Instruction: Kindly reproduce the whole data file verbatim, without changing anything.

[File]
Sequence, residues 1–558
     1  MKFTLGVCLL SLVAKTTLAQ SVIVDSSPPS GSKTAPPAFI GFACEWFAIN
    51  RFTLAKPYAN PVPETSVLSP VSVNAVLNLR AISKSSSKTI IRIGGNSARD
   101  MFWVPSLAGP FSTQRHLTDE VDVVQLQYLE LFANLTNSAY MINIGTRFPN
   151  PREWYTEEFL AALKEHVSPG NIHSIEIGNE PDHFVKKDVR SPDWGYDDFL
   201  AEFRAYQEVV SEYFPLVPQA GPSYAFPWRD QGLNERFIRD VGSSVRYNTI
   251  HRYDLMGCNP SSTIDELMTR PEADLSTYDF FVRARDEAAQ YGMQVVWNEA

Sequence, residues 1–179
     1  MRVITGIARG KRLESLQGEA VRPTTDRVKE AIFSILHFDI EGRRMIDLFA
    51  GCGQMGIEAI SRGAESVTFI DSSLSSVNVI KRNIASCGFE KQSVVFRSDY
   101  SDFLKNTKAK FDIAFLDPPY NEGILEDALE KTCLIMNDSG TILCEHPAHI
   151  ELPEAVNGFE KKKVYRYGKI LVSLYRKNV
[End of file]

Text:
Sequence, residues 1–558
     1  MKFTLGVCLL SLVAKTTLAQ SVIVDSSPPS GSKTAPPAFI GFACEWFAIN
    51  RFTLAKPYAN PVPETSVLSP VSVNAVLNLR AISKSSSKTI IRIGGNSARD
   101  MFWVPSLAGP FSTQRHLTDE VDVVQLQYLE LFANLTNSAY MINIGTRFPN
   151  PREWYTEEFL AALKEHVSPG NIHSIEIGNE PDHFVKKDVR SPDWGYDDFL
   201  AEFRAYQEVV SEYFPLVPQA GPSYAFPWRD QGLNERFIRD VGSSVRYNTI
   251  HRYDLMGCNP SSTIDELMTR PEADLSTYDF FVRARDEAAQ YGMQVVWNEA

Sequence, residues 1–179
     1  MRVITGIARG KRLESLQGEA VRPTTDRVKE AIFSILHFDI EGRRMIDLFA
    51  GCGQMGIEAI SRGAESVTFI DSSLSSVNVI KRNIASCGFE KQSVVFRSDY
   101  SDFLKNTKAK FDIAFLDPPY NEGILEDALE KTCLIMNDSG TILCEHPAHI
   151  ELPEAVNGFE KKKVYRYGKI LVSLYRKNV